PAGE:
33               In the liver, retinyl esters are again hydrolysed to retinol to be transferred to hepatic stellate cells and then re-esterified by LRAT for storage. Alternatively, retinol can bind to retinol-binding protein (RBP) and be secreted into the bloodstream as a 1:1 molar complex with the serum protein transthyretin. RBP thus functions to mobilise hepatic retinoid stores and deliver retinol to peripheral tissues and developing embryos. In fasting conditions, retinol-RBP accounts for approximately 95 – 99 % of all serum retinoids. Upon vitamin A intake, the concentration of retinoids in chylomicrons and chylomicron remnants can greatly exceed that of plasma retinol. Blood levels of retinol-RBP in both humans and animals are tightly controlled, except in extreme cases of insufficient intake of vitamin A, protein, calories and zinc; or in response to hormonal factors, stress; and in certain disease states.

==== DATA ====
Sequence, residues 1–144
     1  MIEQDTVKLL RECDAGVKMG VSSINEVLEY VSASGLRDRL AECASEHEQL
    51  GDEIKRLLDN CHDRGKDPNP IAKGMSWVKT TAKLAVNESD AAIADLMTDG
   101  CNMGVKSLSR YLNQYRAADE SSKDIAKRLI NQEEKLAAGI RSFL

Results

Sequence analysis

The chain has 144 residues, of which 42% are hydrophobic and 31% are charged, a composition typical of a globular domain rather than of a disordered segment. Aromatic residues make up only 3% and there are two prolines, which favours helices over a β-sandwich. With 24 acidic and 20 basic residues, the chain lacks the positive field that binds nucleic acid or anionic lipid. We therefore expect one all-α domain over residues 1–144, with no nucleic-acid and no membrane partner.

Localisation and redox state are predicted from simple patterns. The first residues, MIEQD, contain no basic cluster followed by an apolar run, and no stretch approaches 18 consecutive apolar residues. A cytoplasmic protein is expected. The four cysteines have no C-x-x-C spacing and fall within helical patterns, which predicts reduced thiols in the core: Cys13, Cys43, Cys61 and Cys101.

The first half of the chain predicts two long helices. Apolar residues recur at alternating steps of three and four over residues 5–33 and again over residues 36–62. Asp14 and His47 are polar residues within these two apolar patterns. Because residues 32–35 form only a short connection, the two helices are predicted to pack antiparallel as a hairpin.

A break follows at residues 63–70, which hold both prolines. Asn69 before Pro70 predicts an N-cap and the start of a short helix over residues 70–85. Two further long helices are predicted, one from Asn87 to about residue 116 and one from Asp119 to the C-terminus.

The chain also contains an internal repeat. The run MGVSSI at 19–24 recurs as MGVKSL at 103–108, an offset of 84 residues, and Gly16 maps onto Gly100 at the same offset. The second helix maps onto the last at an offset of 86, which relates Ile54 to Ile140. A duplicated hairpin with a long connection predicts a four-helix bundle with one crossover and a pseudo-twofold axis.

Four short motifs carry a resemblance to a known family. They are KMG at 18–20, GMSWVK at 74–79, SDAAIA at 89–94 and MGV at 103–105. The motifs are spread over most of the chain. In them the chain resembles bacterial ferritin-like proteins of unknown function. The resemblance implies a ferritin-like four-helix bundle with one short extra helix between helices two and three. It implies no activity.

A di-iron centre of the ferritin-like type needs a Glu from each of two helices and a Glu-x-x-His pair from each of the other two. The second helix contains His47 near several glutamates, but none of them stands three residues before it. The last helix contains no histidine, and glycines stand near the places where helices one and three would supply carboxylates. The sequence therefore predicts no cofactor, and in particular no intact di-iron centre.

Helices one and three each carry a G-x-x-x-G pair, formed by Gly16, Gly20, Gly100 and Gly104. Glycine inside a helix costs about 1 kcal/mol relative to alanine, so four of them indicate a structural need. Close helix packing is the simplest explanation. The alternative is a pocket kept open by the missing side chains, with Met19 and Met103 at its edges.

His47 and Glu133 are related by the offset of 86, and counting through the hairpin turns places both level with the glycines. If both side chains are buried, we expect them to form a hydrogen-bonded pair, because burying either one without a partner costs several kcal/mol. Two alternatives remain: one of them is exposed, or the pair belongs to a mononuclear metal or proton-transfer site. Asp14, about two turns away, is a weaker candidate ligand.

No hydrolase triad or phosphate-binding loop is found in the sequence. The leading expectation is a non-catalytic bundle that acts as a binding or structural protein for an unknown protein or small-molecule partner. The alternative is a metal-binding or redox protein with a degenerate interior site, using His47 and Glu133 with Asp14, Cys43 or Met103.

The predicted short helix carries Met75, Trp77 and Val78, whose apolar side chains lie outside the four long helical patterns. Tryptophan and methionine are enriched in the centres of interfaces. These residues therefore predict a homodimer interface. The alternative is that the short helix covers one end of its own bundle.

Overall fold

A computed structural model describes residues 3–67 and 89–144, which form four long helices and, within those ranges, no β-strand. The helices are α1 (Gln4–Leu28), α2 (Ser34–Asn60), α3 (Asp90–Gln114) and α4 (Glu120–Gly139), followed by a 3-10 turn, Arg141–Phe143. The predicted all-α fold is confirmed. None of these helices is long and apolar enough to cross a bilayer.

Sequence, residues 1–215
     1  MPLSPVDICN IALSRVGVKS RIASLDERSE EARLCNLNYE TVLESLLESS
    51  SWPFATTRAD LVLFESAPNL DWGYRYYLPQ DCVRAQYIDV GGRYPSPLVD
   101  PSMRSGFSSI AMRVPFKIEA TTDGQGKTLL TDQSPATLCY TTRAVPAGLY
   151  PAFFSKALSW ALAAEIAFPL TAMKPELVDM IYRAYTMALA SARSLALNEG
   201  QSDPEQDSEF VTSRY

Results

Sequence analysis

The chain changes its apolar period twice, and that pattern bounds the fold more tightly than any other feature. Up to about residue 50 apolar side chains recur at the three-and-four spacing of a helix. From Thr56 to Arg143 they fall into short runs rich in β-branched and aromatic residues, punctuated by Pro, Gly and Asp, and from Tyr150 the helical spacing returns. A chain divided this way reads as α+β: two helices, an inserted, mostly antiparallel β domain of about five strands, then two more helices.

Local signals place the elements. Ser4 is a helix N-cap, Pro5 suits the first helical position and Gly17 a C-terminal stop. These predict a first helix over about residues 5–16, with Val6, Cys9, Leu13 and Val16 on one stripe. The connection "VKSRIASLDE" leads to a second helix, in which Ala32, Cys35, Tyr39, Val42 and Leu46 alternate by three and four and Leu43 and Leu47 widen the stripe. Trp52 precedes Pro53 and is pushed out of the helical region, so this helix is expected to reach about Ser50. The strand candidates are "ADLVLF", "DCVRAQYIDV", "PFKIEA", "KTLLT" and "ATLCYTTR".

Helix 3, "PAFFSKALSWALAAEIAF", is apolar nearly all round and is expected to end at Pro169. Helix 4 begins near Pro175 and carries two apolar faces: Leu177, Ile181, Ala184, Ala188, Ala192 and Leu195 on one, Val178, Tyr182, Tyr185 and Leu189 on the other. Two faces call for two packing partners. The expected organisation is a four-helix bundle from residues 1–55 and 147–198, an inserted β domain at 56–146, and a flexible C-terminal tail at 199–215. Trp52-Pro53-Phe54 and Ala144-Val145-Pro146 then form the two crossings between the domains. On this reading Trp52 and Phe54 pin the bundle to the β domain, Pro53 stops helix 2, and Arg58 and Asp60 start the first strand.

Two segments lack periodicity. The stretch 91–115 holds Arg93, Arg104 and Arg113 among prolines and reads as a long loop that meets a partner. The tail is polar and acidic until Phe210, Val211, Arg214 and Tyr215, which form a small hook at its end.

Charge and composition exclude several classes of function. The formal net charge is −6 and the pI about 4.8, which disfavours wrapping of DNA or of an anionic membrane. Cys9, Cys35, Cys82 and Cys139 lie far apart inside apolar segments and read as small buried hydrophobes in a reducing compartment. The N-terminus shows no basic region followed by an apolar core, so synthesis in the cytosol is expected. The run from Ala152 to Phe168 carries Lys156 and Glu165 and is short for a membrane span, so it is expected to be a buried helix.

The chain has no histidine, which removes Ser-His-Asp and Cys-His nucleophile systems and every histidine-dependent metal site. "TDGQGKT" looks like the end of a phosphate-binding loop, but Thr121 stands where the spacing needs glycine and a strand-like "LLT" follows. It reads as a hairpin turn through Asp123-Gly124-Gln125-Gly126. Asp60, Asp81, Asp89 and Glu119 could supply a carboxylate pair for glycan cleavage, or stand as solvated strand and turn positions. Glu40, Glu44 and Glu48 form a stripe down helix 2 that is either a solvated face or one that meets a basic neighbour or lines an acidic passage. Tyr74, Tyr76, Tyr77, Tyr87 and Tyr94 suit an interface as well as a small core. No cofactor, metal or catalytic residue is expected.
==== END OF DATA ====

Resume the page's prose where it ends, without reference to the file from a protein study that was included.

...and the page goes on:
34               Spiegler et al. (2012) also stated that the mechanisms that regulate the secretion of the complex retinol-RBP from the liver have yet to be fully elucidated. Even in the fasting state there are low concentrations of RE that are associated with circulating lipoproteins (in VLDL and LDL) and small amounts of circulating RA bound to albumin. Within cells, retinol is reversibly oxidized to retinal by members of the alcohol dehydrogenases, medium-chain dehydrogenase/reductases, retinol dehydrogenases and short-chain dehydrogenase/reductases. Retinal is further oxidized to RA by retinal dehydrogenases. Several intracellular binding proteins for retinol, retinal and RA have been identified and characterised, including cellular retinol-binding proteins I, II and III, cellular retinaldehyde binding protein and cellular RA-binding proteins I and II. Each of these retinoid-binding proteins has a distinct expression pattern and plays a specific role in vitamin A transport and metabolism.